From this month, England will have a national framework for Religious Education (RE). That word 'national' is significant. For although RE was, as many of us probably remember rather too well, a compulsory subject in state schools for decades, it never became part of the new National Curriculum. It was overseen by such national bodies as the Qualifications and Curriculum Authority (QCA) but its actual content was largely locally determined. The new Framework won't change that arrangement, but it is quite the strongest national guidance that has yet to be issued and will be highly influential on the content of RE syllabuses. And now for the good news. For the first time ever, humanism will be recommended for study by all pupils. Humanists should see this as a big stride forward. It is part of a long process of critical but constructive engagement with RE, locally on Standing Advisory Councils for RE (SACREs) and also at a national level. Humanists have long sought objective, fair and balanced RE which included humanism, and which reflected this in a more inclusive subject title. Sometimes we have had to be more critical than constructive, but there have been real, if patchy and local, improvements. RE is now generally a study of world religions, covering a range of perspectives on the 'big questions', sometimes including humanist ones and almost always atheistic arguments. It is very very different from the scripture lessons that many readers will recall.

Devising a national framework was always going to be a risky business. Insiders worried that it could in fact be unhelpful and make it more difficult to create good syllabuses. Politically it was risky too: Secretaries of State for Education rarely want to stir the passions and rivalries that lurk just under the civilised surface of RE, and the current ascendancy of Christian Socialism, and Downing Street support for religious and creationist schools, seemed an unlikely environment for progress in RE. But in Charles Clarke we have a Secretary of State who, in common with members of the British Humanist Association, is not religious but is interested in improving RE. Clarke proceeded cautiously and diplomatically, determined to establish consensus amongst the stakeholders.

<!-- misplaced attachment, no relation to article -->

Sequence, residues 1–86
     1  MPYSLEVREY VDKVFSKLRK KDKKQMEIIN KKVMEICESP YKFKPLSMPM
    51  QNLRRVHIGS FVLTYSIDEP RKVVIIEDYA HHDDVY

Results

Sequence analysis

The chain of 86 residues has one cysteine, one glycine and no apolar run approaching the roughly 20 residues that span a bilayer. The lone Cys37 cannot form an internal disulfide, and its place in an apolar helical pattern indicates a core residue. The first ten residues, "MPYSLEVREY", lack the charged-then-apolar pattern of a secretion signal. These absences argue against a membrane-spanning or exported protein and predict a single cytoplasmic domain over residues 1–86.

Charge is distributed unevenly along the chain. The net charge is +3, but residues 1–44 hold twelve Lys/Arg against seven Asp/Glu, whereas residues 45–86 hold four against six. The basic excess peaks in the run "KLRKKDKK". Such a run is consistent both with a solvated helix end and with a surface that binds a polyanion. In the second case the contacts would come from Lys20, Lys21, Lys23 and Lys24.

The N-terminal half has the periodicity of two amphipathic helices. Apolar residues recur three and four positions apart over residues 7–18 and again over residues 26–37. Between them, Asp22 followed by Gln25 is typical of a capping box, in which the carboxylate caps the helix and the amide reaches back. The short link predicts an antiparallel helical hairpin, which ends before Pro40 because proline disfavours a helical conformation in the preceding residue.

As a member of the framework steering group of faith representatives, government and QCA officials (when meetings ended chairs would thank "faith representatives — and Marilyn"), I found much support for the inclusion of humanism. This was, I think, because the faith group representatives were mostly, like me, educators too. RE suffers from low status and standards, a shortage of specialist teachers and a lack of public understanding — everyone involved knew that a return to scripture would do nothing to solve these problems, or meet the broader post– 11 September objectives of furthering 'social cohesion'.